11. 11. Give the converse, inverse and contrapositive of the given conditional. <ul><li>Conditional: </li></ul><ul><li>“ If the animal has feathers, then it is a bird.” </li></ul><ul><li>Converse: </li></ul><ul><li> “ If the animal is a bird, then it has feathers.” </li></ul><ul><li>Inverse: </li></ul><ul><li> “ If the animal has no feathers, then it is not a bird.” </li></ul><ul><li>Contrapositive: </li></ul><ul><li> “ If the animal is not a bird, then it does not have feathers.” </li></ul>
12. 12. Give the converse, inverse and contrapositive of the given conditionals. <ul><li>a : If today is Sunday, then it is a weekend day. </li></ul><ul><li>b : If the figure has three sides, then it is a triangle. </li></ul><ul><li>c : If Charlie is a basketball player, then Charlie is tall. </li></ul><ul><li>d : If you are a teenager, then you are 13 years old. </li></ul>
13. 13. 2. The car is washed but the ₱ 10 was not paid. The promise is not kept so the conditional is false. <ul><li>The car is not washed and the ₱ 10 is not paid. The promise is not broken since the car was not washed, so the conditional is still true. </li></ul><ul><li>If the car was not washed, the payment does not have to be either true or false. Either way, the promise is kept, so the conditional is true. </li></ul><ul><li>The car is washed and the ₱ 10 is paid. The promise is kept so the conditional is true. </li></ul>A conditional statement uses the words if…then. It is like making a promise. In logic, if the “promise” is broken, and not kept, the conditional is said to be false. Otherwise, it is true. Consider the statement: “ If you wash my car, then I will pay you ₱ 10.” (p  q) There are four situations possible. This is page 3 of 13 Exercise Last Next The Conditional Introduction Instruction Examples Practice p q p  q T T T T F F F T T F F T
14. 14. Let’s say p represents the statement “Marge lives in Cebu,” and q represents the statement “Marge lives in the Philippines.” This is page 7 of 13 Page list Last Next p  q is “If Marge lives in Cebu , then she lives in the Philippines .” The Converse q  p “ If Marge lives in the Philippines , then she lives in Cebu .” Just because the conditional is true does not mean the converse is true. TRUE Converse FALSE Introduction Instruction Examples Practice
15. 15. Let’s look at the inverse. This is page 8 of 13 Page list Last Next p  q is “ If Marge lives in Cebu , then she lives in the Philippines .” The Inverse ~p  ~q “ If Marge does not live in Cebu , then Marge does not live in the Philippines Marge could still live in the Philippines and not be in Cebu. Just because the conditional is true does not mean the inverse is true. Inverse TRUE FALSE Introduction Instruction Examples Practice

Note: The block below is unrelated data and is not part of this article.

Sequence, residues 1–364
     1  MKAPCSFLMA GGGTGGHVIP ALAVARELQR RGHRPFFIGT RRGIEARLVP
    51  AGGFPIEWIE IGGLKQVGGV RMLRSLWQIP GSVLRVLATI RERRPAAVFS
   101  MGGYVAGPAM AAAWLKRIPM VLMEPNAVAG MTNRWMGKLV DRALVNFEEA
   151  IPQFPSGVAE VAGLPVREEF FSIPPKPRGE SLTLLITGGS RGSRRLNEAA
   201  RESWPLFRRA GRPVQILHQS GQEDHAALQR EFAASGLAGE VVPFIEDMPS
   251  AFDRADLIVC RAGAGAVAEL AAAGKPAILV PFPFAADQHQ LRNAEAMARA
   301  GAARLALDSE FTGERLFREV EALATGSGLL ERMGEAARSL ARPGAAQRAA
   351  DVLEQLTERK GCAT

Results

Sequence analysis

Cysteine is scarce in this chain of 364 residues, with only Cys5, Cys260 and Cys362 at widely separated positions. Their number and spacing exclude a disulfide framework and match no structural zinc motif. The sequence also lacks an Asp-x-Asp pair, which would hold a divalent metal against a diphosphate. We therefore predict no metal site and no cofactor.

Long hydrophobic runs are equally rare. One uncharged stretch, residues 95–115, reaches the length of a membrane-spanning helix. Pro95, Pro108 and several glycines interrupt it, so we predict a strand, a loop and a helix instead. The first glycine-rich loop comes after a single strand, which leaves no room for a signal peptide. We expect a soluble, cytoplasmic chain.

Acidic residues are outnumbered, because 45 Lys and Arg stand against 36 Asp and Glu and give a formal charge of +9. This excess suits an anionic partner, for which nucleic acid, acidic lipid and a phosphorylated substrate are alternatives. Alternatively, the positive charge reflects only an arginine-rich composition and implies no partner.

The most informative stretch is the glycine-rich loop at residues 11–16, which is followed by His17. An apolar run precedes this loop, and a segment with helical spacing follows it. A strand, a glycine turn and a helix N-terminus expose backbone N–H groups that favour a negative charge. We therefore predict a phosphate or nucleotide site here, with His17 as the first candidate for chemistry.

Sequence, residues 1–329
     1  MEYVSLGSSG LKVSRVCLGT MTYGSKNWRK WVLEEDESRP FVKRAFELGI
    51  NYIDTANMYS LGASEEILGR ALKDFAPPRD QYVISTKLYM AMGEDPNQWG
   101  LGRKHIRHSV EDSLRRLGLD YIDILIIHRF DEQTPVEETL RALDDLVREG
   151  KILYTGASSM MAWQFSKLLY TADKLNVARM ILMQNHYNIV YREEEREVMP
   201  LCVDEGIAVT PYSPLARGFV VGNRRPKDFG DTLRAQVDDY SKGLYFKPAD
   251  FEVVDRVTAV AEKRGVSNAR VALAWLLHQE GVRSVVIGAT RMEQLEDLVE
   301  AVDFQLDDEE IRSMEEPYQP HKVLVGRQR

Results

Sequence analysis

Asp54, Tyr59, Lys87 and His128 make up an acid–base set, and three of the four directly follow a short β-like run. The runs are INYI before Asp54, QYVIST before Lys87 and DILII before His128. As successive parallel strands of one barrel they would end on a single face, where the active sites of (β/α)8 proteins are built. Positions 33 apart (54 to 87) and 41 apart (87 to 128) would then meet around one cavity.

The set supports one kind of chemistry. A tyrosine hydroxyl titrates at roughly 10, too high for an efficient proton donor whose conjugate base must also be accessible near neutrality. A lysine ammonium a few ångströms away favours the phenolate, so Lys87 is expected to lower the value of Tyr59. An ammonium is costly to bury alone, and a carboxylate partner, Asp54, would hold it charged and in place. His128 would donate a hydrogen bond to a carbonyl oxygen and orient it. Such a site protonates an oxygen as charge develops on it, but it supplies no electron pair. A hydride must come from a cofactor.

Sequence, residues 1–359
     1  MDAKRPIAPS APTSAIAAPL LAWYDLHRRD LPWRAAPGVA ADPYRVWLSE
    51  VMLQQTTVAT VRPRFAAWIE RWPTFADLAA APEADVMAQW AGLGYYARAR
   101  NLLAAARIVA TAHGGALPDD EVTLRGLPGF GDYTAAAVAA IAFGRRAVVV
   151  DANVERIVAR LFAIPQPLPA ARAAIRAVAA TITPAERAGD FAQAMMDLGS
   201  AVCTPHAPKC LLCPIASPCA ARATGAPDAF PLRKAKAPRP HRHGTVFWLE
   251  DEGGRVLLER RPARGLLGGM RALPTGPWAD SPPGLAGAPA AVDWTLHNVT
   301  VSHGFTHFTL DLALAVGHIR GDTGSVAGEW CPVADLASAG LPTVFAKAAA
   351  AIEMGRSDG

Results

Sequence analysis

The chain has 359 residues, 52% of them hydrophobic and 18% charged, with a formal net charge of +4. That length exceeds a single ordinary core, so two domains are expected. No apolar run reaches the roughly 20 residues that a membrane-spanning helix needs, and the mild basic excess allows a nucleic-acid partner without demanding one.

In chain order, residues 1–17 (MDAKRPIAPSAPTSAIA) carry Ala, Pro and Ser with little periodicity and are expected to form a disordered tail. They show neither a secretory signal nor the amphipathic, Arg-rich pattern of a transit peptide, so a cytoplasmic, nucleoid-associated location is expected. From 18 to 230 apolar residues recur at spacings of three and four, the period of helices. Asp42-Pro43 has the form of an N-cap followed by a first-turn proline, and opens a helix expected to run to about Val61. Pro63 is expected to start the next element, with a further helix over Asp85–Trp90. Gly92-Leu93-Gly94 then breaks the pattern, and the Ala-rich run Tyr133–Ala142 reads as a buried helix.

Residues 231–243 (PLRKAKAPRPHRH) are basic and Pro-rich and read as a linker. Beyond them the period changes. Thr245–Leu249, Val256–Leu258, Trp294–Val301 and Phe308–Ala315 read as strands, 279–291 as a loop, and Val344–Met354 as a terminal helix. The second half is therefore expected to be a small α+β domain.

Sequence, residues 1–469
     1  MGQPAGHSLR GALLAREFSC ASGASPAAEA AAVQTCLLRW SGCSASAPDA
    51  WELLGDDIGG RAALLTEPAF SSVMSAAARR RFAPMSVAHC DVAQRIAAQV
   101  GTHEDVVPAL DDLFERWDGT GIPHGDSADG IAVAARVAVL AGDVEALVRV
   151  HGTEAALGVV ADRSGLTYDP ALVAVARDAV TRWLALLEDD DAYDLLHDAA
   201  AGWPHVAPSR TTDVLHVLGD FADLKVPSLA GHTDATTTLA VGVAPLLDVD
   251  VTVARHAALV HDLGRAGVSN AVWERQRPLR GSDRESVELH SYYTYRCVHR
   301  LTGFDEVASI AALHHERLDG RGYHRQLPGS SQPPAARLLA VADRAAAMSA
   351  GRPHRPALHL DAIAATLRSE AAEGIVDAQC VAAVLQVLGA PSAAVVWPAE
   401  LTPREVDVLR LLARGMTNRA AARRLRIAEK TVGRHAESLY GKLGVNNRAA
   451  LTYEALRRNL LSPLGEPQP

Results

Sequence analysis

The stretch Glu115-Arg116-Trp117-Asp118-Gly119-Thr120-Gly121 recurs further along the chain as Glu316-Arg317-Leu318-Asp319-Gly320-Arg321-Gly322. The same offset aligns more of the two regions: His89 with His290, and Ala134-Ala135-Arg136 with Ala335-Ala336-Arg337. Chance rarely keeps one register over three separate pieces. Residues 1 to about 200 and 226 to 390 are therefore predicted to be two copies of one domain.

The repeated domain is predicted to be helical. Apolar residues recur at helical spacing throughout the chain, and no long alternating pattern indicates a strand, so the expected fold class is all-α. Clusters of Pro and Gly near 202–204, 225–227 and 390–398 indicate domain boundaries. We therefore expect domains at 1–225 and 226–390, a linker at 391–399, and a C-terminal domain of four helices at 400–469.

16. 16. Let’s look at the contrapositive. This is page 9 of 13 Page list Last Next p  q is “If Marge lives in Cebu , then she lives in the Philippines .” The Contrapositive ~q  ~p “If Marge does not live in the Philippines , then she does not live in Cebu .” If Marge isn’t in the Philippines, she can’t be in Cebu. If the conditional is true then the contrapositive is also true. Contrapositive TRUE TRUE Introduction Instruction Examples Practice
17. 17. <ul><li>Slides after these are for optional study. </li></ul>
18. 18. A biconditional expresses the notion of if and only if . Its symbol is a double arrow,  . p : If a polygon has three sides then it is a triangle . t : If a figure is a triangle then it is a polygon with three sides. p  t : “A polygon has three sides if and only if it is a triangle.” This is page 4 of 13 Page list Last Next The Connectives – the Biconditional Introduction Instruction Examples Practice
19. 19. This is page 5 of 13 Page list Last Next The Biconditional A biconditional (p  t) is a more concise way to say (p  t)  (t  p). “ If a polygon has three sides then it is a triangle ” and “ If a figure is a triangle then it is a polygon with three sides ” are both true statements. T A biconditional is true when both p  q and q  p are true. T Introduction Instruction Examples Practice p q p  q q  p (p  q)  ( q  p) (or p  q) T T T T T T F F T F F T T F F F F T T T